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A More Excellent Sacrifice


By faith Abel offered to God a more excellent sacrifice than Cain,
through which he obtained witness that he was righteous,
God testifying of his gifts; and through it he being dead still speaks.
Hebrews 11:4

Why was the offering of Abel a more excellent sacrifice than Cain? Is it because God favoured Abel more? I believe the answer can be found in 1 John 3:11-12:

For this is the message that you heard from the beginning, that we should love one another, not as Cain who was of the wicked one and murdered his brother. And why did he murder him? Because his works were evil and his brother's righteous.

Cain’s works were evil, and Abel’s works were righteous. It was all about the righteousness of God.

The offering up of sacrifices is a divine institution. It did not originate with man. God Himself instituted it in the Garden of Eden immediately after the fall of man. God Himself established it for the forgiveness of sin. When Adam and Eve sinned, the eyes of both of them were opened. They realized that they were naked. Therefore they sewed fig leaves together, and made coverings for themselves (Genesis 3:7).

But these fig leaves could not cover them fully and properly, and provide them adequate warmth. Their own human provisions were inadequate to cover their sinfulness. They became ashamed of themselves. They began to hide from the LORD among the trees of the Garden (Genesis 3:8).

After the LORD reprimanded them for their disobedience and sin, He showed them His love. God provided them a better covering for their sin. The LORD Himself clothed Adam and Eve with the skins of animals in the Garden of Eden. Animals were sacrificed, and blood was shed for the remission of sins (Genesis 3:21).

God's loving provisions were able to cover them adequately, while man's own coverings were insufficient. These divine coverings were declared acceptable by God, because they covered not just the body of man, but also his sin. They were produced by the shedding of blood.

And according to the law almost all things are purified with blood, and without shedding of blood there is no remission. (Hebrews 9:22)

This principle of offering sacrifices by the shedding of blood is clearly seen in the account of Cain and Abel (Genesis 4). After Adam and Eve left the Garden, they had a son named Cain, which meant, "a possession" or "a spear." Later, Eve bore another son named Abel, which meant, "breath" or "vapor." Abel became a shepherd, and Cain became a tiller of the ground.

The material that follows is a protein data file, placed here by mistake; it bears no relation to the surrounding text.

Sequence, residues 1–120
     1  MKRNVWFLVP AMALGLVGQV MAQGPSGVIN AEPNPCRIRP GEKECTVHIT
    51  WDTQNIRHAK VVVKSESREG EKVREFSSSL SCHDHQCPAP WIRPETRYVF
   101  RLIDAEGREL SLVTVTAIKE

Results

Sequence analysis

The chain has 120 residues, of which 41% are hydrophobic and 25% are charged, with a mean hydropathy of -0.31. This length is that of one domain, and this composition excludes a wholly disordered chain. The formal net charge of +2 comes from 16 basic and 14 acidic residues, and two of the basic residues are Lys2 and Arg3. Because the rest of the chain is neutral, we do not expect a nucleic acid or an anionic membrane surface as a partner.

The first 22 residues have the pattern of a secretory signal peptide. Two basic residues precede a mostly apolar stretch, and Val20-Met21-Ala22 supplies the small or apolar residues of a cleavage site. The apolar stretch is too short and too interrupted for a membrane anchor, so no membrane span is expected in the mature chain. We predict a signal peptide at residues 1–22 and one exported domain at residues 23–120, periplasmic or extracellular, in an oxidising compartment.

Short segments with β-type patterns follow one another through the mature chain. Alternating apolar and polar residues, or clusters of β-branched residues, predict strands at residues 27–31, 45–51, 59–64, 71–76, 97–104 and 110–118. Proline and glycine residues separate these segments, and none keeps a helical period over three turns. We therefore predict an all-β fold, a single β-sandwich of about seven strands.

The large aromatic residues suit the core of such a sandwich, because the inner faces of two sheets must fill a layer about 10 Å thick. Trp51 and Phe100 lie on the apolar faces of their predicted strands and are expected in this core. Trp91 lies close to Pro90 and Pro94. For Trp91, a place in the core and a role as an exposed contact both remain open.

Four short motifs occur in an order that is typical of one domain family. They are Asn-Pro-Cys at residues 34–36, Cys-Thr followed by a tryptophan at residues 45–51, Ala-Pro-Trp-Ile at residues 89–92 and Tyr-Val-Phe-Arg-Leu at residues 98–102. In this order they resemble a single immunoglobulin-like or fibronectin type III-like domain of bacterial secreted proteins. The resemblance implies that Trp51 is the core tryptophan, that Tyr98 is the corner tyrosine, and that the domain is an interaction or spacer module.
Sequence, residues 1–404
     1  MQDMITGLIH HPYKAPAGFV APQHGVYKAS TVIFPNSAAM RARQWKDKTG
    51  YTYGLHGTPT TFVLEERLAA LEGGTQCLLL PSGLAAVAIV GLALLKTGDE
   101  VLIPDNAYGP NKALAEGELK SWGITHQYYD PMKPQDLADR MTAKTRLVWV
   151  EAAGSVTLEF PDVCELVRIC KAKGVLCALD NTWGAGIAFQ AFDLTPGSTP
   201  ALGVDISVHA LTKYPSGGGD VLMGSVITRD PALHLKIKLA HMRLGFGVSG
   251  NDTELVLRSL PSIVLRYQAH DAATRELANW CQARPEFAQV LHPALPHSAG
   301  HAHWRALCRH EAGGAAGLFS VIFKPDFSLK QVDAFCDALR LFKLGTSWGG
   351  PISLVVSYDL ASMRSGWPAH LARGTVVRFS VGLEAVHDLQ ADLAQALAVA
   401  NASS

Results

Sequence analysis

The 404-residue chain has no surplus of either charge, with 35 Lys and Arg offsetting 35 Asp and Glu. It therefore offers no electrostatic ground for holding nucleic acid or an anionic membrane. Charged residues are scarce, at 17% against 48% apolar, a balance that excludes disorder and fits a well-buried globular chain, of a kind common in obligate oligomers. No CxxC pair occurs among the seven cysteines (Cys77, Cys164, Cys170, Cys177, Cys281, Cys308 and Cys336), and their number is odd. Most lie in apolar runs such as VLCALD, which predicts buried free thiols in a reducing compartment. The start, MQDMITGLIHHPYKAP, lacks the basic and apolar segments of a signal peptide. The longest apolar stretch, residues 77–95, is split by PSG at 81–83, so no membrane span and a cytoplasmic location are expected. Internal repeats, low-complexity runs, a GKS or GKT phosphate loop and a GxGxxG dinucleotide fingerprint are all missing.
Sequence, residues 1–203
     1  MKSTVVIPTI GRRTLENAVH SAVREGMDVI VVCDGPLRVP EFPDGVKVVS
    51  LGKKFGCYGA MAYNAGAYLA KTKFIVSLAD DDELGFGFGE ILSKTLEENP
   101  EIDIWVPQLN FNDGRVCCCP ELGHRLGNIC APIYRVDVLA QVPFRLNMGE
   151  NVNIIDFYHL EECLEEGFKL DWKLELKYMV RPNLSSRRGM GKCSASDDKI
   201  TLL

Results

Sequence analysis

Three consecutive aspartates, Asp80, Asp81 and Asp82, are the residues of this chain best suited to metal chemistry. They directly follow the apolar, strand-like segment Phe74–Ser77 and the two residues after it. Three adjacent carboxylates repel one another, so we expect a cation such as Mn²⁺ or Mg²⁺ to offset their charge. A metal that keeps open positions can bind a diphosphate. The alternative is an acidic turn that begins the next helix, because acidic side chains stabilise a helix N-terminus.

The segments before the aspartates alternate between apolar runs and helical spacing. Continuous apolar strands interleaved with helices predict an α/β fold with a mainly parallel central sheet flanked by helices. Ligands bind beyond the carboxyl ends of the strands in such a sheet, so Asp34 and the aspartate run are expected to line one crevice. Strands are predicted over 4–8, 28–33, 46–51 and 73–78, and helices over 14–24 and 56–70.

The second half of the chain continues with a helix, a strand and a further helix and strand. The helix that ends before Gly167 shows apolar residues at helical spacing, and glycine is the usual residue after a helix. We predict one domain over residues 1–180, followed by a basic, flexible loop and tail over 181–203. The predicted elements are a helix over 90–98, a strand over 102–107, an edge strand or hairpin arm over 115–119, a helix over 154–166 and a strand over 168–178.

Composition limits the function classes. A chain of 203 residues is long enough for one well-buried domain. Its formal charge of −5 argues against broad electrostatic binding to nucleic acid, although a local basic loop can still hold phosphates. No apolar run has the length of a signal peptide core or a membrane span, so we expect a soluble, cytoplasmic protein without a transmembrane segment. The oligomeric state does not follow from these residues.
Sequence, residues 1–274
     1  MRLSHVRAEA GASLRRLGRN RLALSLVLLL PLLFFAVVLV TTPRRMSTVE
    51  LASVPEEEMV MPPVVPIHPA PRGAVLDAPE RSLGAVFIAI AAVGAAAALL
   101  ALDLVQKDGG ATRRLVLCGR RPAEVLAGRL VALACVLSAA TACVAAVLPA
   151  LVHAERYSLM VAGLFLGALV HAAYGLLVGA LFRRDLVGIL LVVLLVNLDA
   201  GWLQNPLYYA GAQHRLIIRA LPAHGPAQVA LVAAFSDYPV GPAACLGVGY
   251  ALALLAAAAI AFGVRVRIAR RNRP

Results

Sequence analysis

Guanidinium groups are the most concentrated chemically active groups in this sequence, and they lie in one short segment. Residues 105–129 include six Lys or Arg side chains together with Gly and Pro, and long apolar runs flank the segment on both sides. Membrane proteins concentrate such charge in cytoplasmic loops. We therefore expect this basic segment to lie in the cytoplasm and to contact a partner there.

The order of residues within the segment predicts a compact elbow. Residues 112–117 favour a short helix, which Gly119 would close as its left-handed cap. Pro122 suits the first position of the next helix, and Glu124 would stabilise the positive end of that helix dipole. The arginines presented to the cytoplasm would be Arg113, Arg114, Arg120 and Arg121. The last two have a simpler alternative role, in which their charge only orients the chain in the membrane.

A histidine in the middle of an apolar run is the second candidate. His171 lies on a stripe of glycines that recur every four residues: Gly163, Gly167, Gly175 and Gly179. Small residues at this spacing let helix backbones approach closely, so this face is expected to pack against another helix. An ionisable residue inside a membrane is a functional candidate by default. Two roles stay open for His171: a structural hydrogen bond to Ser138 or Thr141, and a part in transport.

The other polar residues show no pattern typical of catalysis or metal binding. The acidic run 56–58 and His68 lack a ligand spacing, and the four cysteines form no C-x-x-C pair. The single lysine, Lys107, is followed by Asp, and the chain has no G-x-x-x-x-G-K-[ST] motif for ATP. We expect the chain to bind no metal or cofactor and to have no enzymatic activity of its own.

As the time went by, Cain and Abel grew up. Their father taught them many things, among which was the offerings unto God. Adam must have taught them the right way of offering sacrifices unto the LORD, and how to obtain forgiveness and righteousness from God.

Abel offered a more excellent sacrifice than Cain because he conformed to the provisions and patterns, which God had previously established with Adam and Eve. He understood his own sinfulness, its penalty, and the necessity of blood sacrifice as a divine provision that God had laid down. He brought the firstborn of his flock and of their fat, and sacrificed unto the LORD. He offered the choicest cuts of meat from his best lambs, without any blemish and defect. The LORD was pleased with his offering.

Cain, however, did his own things and offered up something which did not please the LORD. Vegetable or meal offerings were for the purpose of consecration. They could not be brought to God unless they were preceded by a sin offering for the covering of sin through an animal or blood sacrifice. There could not be any consecration or commitment to God until the penalty and guilt of sin were dealt with.

Man could not approach God, and be made right with Him without the shedding of blood. That’s why Jesus needed to come and die for us:

In Him we have redemption through His blood, the forgiveness of sins, in accordance with the riches of God's grace that He lavished on us with all wisdom and understanding. (Ephesians 1:7-8)

God Himself determined what was acceptable to Him. For man to determine what pleased God would put man in the place of God. God not only established what types of sacrifices to be offered but also how to offer them.

First and foremost, the offerings had to be clean and acceptable. This was symbolic that they were without sin. Not everything designated as clean animals could be offered up to God as a sacrifice. Of the clean animals, only oxen, sheep, goats and pigeons were acceptable offerings before God. Likewise, of the clean vegetables, only corn, wine and oil were proper and acceptable offerings unto the LORD. These regulations were instituted to teach us that we should give to God what He required - a holy and acceptable offering.

Cain did not offer what God had required of a sin sacrifice. He did something else which was evil in the sight of God. Some Bible commentators explained that Cain offered his worst, while Abel gave his best. Cain brought the most inferior type of offerings to God. Some said that Cain brought seeds of flax as offerings unto the LORD, while Abel brought the best of his sheep. Therefore, God rejected Cain's offering but accepted Abel's.

God was not unjust in demonstrating a special preference for Abel. In fact, God loved Cain as much as He loved Abel. After Cain killed his own brother, he was afraid that others would hunt him down for the death of Abel. But the LORD assured him, "Therefore, whoever kills Cain, vengeance shall be taken on him sevenfold." And the LORD set a mark on Cain, lest anyone finding him should kill him. Then Cain went out from the presence of the LORD, and dwelt in the land of Nod on the east of Eden (Genesis 4:15-16).

Through this, God is telling Cain, "I love you, but the choice is yours." Cain was not a victim of God’s favoritism. He was a victim of his own emotions and choices. His response was under his control, but he chose to be disobedient, and took the wrong path. His heart was not right, full of anger and hatred. Those destructive emotions of his drove him to eventually murder Abel. Because of his choices, he had to face the consequences.